"Even in standard guise, it hunted muscle cars around race tracks like wasps harassing a nervous child - a testament to its handling prowess, low weight, and predictable handling. Clear from the rally and race track success was that it "
Swind E Classic Mini
The Swind E is a classic Mini revival
There’s nothing wrong with the original Mini – let’s get that straight out there. It’s arguably the most iconic car in the world, and almost certainly the most loved.
Adrian Flux ran a series of public quizzes a couple of years back to find out the car most people considered the one you must drive before you die and, you’ve guessed it, the original Mini won. Not only did it win, but it also scored a massive 25.6% higher than the second placed car, the stunningly beautiful and desirable Jaguar E-Type. The podium places were completed by the seat-of-your-pants pure driving experience that is the Lotus/Caterham Seven. The Mini was the cream of the crop.
However, in a world becoming ever more concerned about humanity’s impact and the ever-decreasing amount of fossil fuels available, there has to be a way to keep transportation viable.
We’re not about to say EVs are the ultimate answer, there are plenty of people out there who’ll point out their reliance on some fairly rare metallic elements and (of course) the energy still has to come from somewhere. But when that energy can be generated by renewable methods they’re certainly a better solution than fossil fuel burners.
Modern EVs are fantastic pieces of kit. Some can boast four-figure BHPs, and a lot are smooth, quiet and oh-so-polite. The trouble is, being modern; they have to satisfy a whole load of regulations that classic cars simply weren’t aware of. And those regulations, chiefly when dealing with safety and the search for absolute efficiency, dictate the cars’ designs.
The solution may well be to take the characterful designs of yesteryear and power those with a flow of electrons. And that’s just what Swind has done with the Mini by creating the Swind E Classic Mini.
We’ve featured classic cars converted into EVs before, with an article about a classic Fiat 500 EV and a film about a Porsche 911 – and Swind isn’t pretending to be the ‘first’ to do this kind of thing, but they are making a big noise about doing it well.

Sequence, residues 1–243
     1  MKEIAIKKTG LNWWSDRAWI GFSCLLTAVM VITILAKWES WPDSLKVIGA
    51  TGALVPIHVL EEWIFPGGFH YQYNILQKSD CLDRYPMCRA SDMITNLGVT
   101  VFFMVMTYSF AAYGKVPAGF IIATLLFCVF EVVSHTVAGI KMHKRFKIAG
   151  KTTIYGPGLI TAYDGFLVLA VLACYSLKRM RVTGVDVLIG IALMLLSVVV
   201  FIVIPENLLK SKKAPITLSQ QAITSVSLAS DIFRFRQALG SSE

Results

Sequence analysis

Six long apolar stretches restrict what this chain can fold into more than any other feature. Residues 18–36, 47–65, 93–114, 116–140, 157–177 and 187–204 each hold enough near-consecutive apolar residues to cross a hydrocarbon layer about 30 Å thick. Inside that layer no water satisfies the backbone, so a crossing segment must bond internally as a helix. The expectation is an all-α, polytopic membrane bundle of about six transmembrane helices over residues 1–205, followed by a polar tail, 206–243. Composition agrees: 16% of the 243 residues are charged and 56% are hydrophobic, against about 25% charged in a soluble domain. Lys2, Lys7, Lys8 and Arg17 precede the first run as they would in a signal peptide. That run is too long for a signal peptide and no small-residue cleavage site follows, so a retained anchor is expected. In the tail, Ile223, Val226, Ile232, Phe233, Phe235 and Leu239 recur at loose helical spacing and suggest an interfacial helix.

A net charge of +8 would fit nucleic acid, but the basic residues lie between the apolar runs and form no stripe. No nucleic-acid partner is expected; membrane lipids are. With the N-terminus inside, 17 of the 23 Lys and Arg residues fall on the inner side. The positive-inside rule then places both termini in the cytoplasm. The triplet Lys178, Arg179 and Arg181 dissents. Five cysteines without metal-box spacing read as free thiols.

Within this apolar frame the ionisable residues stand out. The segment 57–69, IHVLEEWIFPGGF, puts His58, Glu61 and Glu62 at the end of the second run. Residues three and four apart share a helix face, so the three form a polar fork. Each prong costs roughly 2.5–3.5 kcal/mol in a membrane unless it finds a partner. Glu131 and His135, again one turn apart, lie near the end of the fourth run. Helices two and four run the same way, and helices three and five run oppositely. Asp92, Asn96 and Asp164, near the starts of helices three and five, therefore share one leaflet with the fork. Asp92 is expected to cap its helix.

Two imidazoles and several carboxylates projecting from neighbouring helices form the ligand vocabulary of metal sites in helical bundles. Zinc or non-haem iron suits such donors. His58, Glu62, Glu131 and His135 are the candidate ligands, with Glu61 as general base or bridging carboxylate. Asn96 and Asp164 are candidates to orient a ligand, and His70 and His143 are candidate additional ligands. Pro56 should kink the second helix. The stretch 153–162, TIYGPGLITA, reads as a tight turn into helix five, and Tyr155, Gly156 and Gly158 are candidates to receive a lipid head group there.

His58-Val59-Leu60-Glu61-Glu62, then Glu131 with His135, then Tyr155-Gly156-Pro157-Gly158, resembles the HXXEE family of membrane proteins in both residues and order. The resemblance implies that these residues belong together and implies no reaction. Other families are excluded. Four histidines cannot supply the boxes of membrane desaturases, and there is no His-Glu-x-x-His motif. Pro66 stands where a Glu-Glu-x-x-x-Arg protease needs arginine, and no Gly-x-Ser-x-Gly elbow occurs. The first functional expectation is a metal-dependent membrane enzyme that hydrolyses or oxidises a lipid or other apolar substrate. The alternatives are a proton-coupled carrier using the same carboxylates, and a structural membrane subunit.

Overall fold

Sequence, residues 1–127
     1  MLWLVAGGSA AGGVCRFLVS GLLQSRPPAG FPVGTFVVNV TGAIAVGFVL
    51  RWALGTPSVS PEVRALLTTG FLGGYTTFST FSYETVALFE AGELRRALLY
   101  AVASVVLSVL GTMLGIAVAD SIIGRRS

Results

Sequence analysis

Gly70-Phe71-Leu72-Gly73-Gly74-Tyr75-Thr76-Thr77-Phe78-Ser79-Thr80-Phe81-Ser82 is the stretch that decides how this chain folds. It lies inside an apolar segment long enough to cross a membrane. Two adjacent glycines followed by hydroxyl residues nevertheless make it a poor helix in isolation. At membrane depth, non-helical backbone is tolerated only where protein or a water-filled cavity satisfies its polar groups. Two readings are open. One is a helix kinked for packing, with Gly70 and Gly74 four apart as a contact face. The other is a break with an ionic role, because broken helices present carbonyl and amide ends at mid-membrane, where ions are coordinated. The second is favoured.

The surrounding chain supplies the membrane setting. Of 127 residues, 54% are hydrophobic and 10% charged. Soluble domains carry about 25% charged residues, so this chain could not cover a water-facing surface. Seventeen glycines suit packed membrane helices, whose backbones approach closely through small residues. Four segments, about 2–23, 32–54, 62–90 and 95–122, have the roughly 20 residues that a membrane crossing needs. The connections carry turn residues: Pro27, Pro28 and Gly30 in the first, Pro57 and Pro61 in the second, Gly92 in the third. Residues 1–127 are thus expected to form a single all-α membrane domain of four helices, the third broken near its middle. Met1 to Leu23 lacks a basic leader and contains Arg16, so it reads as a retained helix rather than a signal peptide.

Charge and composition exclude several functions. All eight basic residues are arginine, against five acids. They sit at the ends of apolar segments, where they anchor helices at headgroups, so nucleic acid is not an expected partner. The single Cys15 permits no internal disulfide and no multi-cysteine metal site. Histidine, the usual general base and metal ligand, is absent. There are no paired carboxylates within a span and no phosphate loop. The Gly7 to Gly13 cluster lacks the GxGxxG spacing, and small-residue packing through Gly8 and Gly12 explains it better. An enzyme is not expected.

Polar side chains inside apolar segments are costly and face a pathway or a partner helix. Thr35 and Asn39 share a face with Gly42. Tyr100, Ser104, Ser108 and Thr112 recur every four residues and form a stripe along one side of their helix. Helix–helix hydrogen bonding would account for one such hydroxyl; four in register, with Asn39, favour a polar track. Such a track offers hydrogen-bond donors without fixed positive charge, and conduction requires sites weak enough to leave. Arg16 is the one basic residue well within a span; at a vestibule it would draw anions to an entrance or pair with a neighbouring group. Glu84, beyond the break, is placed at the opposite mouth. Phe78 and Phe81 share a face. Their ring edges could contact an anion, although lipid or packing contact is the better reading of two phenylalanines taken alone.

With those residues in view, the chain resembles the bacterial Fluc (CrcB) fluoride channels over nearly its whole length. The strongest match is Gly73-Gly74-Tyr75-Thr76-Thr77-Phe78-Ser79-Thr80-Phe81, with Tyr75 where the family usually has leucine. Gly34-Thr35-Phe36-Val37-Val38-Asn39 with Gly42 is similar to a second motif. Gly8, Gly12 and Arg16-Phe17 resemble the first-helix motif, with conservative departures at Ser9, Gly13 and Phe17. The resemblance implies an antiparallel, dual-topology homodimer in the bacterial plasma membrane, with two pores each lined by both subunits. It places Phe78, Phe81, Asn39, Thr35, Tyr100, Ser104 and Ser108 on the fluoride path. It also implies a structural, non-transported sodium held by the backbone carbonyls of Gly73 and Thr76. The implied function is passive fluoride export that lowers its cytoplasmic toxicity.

There are some natural benefits of being powered by electricity, fewer moving parts to go wrong, fewer lubricants and fluids to top up, and a lower centre of gravity meaning even-more-kart-like handling, are the key ones. Add the inevitable serenity, lower cost to refuel/recharge, and lack of emissions filling pedestrians’ lungs and it’s looking all-positive.
But, as with anything electrical, for every positive, there has to be a negative, or it just won’t move around.
The negatives, if you’ll let me indulge in this metaphor for a while longer, are threefold for almost every EV, including the Swind E – but all three may well get sorted in time.
The first is the lack of range or chances to refuel. This is not unique to Swind, of course, but any electric vehicle will have a limited range and (at the moment) not as many places to top up quickly as the fossil-fuel-burners out there. Being unburdened by modern tech regs, however, the Mini remains a lightweight number and can eke 125 miles out of its batteries, helping to make the proposition realistic from the get-go for city living, and maybe in time the efficiency of batteries generally will increase, too, adding more range with newer variants.
The second thing to overcome is the purchase price. In this case, the Swind E Classic Mini starts off at £79k + local taxes. With an options list to update the Mini featuring things like central locking, opening rear windows and even infotainment, it’s possible to spend a fair amount more than that on your Swind, too. Now that’s a lot of money to justify to the other half, or even yourself, but just take a moment to think about what needs to be done to create this car, the tech, then skill and even sourcing of an appreciating classic – you’d end up being fairly impressed by that price. Ok, so if Nissan or VW et al decided to make a Mini-sized EV they’d end up being far cheaper, but that’s based on manufacturing tens of thousands of the things, which is never going to be an option when updating a classic. Prices may come down over time, but it’s better to try and justify the cost in terms of running cost savings.
The third thing to overcome is that lack of feel – the driving pleasure that so many ‘petrolheads’ yearn for. The sound of a popping and banging exhaust, and the throb of an engine. The three pedal setup, and skill of driving an engine-powered car. How does the Swind E Classic Mini overcome these missing elements? Well, it doesn’t rely on them for driving thrills. Instead, it throws a higher power than necessary at the car (in this case 80kW – around 110bhp compared to a 1.3-litre Rover Mini’s 63bhp), instant torque (meaning 30-50mph is dealt with in just 4.3 seconds) plus a lower centre of gravity and better weight distribution (57% front/43% rear, rather than 68/32 of the original).
All in all, Swind has made a very decent stab at overcoming the shortcomings. They’re certainly well-placed to take on this market, as well as producing EV bicycles already, they have a history of performance engineering and even produce BTCC powerplants through the Swindon Powertrain brand.
So will all this mean the Swind E Classic Mini becomes a viable option for people needing an eco-friendly urban runabout? If they can afford it, then yes.
But what will truly sell the car is not a bunch of facts and figures – it’s the chance to enjoy that Iconic Instagrammable Issigonis design in a more socially-acceptable way.
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